New Music

Desaparecidos
Read Music/Speak Spanish
Saddle Creek

When you see the name Desaparecidos, it's perfectly natural to imagine an accordion, a few trumpets, a bassy tuba cradled in an oompa-loompa polka beat, and a wailing singer who endlessly professes the indignities committed against his corazòn. But not in this case. Desaparecidos—Spanish for "the disappeared"—are named after leftists and other suspected troublemakers kidnapped, tortured and often murdered by governement troops during Argentina's "dirty war" of the late 1970s and early '80s. The band, meanwhile, is a powerful experiment in punk aggression by notoriously depressed Bright Eyes songwriter Conor Oberst. If you're at all familiar with Bright Eyes, then you're well aware that Oberst is used to exposing his corazòn in often staggeringly honest songs of loneliness, betrayal and self-destruction. Desaparecidos, though, is nothing of the sort. Oberst, no doubt lured by the siren song of testosterone and crunchy distortion, consciously abandons his original post as a shamefaced, disheartened youth in order to bust out a couple of fast-paced, amazingly extroverted songs that make Bright Eyes seem like it was created by a completely different person. But once you hear the first ditty, "Man and Wife, the Former (Financial Planning)," you'll recognize Oberst by his patented on-the-verge-of-a-temper-tantrum voice. An emotional crescendo that layers multiple tracks of Oberst incoherently outbratting himself at the end of the song also recalls a few heavier Bright Eyes tunes. The distinguishing factor, however, lies in the intentionally non-introspective lyrics and the blatant rawness of the album. Recorded over the course of one week, the music is tightly wound like a live performance, disregarding all unnecessary studio polish. And with prophetic lines like "In the computer's blue glare, the bombs burst in the air/There was a city once—now nothing is there/Our freedom comes at their expense/It makes sense, doesn't it?" from "The Happiest Place on Earth" (describing the faceless operation of modern warfare, written before Sept. 11), you can be damn sure it's 100 percent genius Oberst writing—and plenty explosive. (Russell Brock)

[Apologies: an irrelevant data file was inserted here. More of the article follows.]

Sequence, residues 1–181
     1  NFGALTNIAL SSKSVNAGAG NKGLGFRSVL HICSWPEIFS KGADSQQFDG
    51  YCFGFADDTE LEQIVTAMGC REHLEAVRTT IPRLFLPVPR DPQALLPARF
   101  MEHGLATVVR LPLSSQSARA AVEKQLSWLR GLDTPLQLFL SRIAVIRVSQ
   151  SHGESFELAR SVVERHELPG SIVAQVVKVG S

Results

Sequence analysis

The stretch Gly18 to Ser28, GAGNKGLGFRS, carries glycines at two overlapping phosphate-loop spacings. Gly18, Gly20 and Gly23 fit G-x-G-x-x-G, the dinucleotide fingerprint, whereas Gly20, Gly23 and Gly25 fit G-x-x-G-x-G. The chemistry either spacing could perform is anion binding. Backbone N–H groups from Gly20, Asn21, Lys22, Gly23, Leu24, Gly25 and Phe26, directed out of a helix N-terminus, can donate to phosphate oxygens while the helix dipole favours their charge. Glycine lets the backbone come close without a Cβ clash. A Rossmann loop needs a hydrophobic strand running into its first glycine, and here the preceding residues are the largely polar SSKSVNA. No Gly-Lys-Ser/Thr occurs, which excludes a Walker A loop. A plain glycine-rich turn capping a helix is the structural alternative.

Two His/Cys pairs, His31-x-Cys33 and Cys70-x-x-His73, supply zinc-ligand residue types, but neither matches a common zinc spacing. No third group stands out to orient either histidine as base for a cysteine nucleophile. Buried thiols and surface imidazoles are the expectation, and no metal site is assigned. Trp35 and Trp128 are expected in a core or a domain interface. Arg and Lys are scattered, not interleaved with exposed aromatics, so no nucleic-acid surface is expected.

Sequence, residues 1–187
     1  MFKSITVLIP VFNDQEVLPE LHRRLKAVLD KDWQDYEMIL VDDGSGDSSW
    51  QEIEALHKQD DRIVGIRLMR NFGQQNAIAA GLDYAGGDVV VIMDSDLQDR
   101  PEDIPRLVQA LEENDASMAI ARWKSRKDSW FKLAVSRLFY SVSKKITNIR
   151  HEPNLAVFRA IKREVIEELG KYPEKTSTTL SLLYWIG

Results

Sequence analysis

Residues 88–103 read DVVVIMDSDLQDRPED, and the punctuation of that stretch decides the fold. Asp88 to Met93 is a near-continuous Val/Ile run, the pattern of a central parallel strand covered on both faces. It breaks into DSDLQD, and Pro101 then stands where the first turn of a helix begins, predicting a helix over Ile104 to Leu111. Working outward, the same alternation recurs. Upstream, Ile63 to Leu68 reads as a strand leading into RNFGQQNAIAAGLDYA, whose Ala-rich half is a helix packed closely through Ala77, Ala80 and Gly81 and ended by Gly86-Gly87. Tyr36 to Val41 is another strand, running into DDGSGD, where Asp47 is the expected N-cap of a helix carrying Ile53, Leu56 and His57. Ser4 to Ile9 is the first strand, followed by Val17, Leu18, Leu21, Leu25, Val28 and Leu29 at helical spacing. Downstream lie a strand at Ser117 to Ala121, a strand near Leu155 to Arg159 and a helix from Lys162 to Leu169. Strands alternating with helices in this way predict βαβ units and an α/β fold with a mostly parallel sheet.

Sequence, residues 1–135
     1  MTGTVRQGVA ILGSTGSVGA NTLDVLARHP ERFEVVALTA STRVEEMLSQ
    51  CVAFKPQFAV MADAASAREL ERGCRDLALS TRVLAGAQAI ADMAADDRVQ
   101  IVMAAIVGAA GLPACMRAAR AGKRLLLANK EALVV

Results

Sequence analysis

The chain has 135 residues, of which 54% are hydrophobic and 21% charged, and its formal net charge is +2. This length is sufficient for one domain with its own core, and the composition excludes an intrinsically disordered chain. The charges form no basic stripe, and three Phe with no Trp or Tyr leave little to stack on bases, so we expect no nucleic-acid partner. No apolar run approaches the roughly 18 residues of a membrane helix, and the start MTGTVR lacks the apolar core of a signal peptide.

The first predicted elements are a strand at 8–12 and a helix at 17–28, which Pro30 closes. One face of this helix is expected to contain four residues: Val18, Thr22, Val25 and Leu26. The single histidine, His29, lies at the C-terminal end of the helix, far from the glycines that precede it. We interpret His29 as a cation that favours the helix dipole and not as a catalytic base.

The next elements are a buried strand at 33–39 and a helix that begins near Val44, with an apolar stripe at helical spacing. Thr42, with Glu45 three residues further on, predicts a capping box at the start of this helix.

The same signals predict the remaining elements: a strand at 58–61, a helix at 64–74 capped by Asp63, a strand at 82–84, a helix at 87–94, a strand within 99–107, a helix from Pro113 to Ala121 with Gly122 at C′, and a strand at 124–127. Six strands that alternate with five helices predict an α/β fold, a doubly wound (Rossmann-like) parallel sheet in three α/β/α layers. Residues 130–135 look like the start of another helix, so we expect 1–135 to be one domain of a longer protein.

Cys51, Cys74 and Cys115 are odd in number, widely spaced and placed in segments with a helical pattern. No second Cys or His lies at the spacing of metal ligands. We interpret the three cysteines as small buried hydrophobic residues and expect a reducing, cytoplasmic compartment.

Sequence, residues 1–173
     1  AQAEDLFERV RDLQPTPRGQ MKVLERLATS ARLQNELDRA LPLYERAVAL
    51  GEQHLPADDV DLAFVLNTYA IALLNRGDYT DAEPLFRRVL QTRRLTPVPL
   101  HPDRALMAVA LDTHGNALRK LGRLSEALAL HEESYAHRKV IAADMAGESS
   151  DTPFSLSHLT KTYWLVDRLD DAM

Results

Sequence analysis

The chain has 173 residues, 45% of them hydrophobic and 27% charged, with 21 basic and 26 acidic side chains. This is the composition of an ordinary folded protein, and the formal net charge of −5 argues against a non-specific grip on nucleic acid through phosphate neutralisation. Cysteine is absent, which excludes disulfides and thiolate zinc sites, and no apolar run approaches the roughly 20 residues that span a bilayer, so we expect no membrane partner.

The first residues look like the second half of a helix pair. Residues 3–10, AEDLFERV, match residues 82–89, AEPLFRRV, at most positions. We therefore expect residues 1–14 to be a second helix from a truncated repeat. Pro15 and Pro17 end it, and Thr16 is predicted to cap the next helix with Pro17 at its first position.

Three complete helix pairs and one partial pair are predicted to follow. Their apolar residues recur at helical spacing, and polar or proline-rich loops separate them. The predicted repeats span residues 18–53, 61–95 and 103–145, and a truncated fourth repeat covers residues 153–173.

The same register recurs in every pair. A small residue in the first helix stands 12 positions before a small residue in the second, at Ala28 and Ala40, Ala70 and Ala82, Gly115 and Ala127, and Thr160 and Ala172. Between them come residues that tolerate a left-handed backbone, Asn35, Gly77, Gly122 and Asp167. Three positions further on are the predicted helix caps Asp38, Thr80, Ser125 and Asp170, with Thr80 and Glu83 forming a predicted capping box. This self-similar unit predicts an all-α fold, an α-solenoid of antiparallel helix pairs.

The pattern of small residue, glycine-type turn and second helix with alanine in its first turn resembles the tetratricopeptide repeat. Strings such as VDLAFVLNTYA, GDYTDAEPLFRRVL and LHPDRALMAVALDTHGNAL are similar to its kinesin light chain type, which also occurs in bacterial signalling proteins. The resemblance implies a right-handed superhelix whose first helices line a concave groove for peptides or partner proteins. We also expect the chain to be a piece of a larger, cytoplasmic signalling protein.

Desaparecidos perform with Rilo Kiley at the Glass House, 200 W. Second St., Pomona, (909) 629-0377. Fri., 7:30 p.m. $9.99. All ages.
 
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